Great expectations for Tregarne Chapel, St Austell.

Tregarne Chapel, St Austell. A new planning application has been lodged for alterations and conversion of dwelling (former Chapel) to form 4 No self-contained dwellings and alterations to former Sunday school to create 3 No self contained flats and under-croft garage parking. Planning Application: PA21/05140

Former Sunday School (above). Interior of chapel (below)

St Austell Bible Christian Chapel is situated at the north-west corner of the Trevarthian Road and Tregarne Terrace junction. Facing the earlier chapel of the same name, and also known as Zion Chapel, it was built between1890 and 1891. It was built in granite, with seats for 600. It became Zion United Methodist Church in 1907 and then Zion Methodist Church in 1932 but is now closed. It is now commonly known at Tregarne Chapel.

This is an important heritage asset that has been woefully neglected over many years. Several past unrealistic an inappropriate proposals have plunged the building into further decay. Over that time it has been subject to vandalism. The building is both listed and in a Conservation Area and part of the current HLF Townscape Heritage scheme.

The Cornish Buildings Group have long watched this building and have commented on previous applications. The Cornish Buildings Group led ‘Buildings at Risk Project’ is delighted that a scheme to reuse the building has come forward and is happy to give its support to the scheme. All documents and drawings can be seen on the Cornwall Council Planning Portal under application PA21/05140.

We are pleased that both buildings can be repurposed without their presence in the streetscape being overly compromised. We note that the Conservation Statement and the Design and Access Statement both profess to be offering the safe re-purposing of two buildings of historic and architectural interest, with minimal external alterations. We feel that the physical alterations to the exteriors, although not extensive, are, in parts, quite visually clumsy however this is a reasonable conservation loss against a huge gain to return this visual amenity back to the locality. The use of traditional skills and materials is also applauded. We wonder if railings can be reinstalled around the perimeter of the site.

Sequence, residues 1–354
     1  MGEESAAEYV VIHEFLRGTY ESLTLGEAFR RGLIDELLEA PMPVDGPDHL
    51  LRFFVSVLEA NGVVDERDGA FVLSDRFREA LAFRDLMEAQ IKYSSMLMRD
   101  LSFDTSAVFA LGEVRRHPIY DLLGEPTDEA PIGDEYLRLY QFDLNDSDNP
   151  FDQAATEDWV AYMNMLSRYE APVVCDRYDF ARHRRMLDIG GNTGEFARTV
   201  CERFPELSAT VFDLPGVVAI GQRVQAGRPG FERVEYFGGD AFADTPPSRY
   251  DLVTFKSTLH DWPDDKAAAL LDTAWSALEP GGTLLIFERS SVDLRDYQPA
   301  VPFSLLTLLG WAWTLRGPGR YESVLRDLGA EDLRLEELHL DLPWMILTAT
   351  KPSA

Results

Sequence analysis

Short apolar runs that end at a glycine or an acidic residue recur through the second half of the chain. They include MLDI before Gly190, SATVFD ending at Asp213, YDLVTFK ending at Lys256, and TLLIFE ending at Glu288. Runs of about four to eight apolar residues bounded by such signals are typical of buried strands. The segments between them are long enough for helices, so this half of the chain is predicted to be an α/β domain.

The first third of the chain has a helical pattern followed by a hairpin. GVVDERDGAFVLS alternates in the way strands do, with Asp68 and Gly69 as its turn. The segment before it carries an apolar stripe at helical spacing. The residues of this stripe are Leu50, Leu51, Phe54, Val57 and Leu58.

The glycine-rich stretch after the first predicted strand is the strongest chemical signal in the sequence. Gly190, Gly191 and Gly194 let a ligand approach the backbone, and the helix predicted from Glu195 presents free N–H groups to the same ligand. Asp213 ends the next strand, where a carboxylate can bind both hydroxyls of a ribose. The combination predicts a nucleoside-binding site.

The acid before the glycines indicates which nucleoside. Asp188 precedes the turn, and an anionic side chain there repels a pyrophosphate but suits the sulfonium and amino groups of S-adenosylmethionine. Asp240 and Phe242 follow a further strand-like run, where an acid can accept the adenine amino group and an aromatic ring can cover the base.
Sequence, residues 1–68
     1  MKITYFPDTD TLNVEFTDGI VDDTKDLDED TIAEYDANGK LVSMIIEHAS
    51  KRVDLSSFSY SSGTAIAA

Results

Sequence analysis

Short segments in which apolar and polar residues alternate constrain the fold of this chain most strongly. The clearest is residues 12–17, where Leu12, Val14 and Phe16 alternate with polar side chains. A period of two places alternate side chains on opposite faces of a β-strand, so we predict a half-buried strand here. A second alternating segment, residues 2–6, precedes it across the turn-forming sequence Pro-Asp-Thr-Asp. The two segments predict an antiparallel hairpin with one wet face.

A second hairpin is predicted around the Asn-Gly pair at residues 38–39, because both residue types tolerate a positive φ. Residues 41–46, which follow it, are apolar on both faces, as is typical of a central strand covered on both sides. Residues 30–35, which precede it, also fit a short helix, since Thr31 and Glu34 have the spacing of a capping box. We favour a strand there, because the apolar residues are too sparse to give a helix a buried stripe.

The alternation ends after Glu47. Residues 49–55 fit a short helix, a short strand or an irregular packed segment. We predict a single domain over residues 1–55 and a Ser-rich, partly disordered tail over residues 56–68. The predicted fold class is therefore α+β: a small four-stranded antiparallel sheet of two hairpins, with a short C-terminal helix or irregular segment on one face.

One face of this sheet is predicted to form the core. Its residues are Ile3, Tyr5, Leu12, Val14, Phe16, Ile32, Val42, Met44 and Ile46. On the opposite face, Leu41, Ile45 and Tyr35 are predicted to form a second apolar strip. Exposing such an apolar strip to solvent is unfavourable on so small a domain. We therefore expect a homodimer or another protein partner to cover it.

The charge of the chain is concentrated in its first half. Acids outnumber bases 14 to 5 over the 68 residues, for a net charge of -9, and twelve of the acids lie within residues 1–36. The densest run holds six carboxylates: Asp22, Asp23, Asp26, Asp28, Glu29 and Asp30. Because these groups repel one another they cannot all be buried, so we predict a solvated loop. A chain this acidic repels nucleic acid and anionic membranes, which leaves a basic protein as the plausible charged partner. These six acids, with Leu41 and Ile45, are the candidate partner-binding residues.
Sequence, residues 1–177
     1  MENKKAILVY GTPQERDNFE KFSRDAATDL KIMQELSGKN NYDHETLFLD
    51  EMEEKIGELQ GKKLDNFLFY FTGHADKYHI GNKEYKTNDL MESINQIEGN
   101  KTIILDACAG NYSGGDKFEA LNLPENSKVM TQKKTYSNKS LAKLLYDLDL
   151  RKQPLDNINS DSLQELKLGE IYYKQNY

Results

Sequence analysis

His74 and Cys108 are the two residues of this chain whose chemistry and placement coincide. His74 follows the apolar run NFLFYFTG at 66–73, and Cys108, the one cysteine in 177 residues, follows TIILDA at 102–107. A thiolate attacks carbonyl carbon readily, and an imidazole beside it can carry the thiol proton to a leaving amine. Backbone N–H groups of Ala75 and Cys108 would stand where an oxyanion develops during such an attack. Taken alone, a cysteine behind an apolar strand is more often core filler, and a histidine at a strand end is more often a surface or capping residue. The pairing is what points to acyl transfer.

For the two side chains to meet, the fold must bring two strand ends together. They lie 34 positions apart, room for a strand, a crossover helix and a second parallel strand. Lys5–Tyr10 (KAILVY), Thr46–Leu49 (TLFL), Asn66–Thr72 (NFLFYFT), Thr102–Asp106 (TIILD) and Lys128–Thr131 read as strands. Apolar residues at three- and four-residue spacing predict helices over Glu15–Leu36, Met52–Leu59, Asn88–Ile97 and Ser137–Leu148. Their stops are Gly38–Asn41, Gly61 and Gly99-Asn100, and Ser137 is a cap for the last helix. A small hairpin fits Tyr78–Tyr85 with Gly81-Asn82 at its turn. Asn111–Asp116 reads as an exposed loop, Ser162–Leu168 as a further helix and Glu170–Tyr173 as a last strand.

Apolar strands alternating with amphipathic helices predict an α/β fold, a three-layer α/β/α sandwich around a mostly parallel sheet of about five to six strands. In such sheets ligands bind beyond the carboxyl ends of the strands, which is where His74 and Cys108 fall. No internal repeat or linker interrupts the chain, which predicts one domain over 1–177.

Although we have some reservations about number of units being provided by this proposal we understand that the project’s viability probably depends on such economics and are pleased that it is a reduction from previous schemes.

We agree with Cornwall Council HEP (Conservation) that addition information on detailing would be welcome.

A sound scheme that at last will return this building to some of its former glory and return an important heritage asset back to the town.

Watch the video

Published by buildingsatrisk

Since 1969 the aims of the Cornish Buildings Group have been to stimulate interest, appreciation and knowledge of good building in Cornwall, and to encourage the erection, protection, repair and recording of such buildings. Like any amenities group, we depend on numbers, strength and support of our membership, who provide the force and knowledge that have made us effective for over fifty years. We encourage the protection and repair of historic buildings whether these are listed buildings or simply good examples of traditional building. We aim to encourage good architecture and to raise the general standard of building throughout the county. We hope that our generation may leave behind it buildings which will be looked back on with that same pleasure and enjoyment that we experience when we look at the architecture of past ages.

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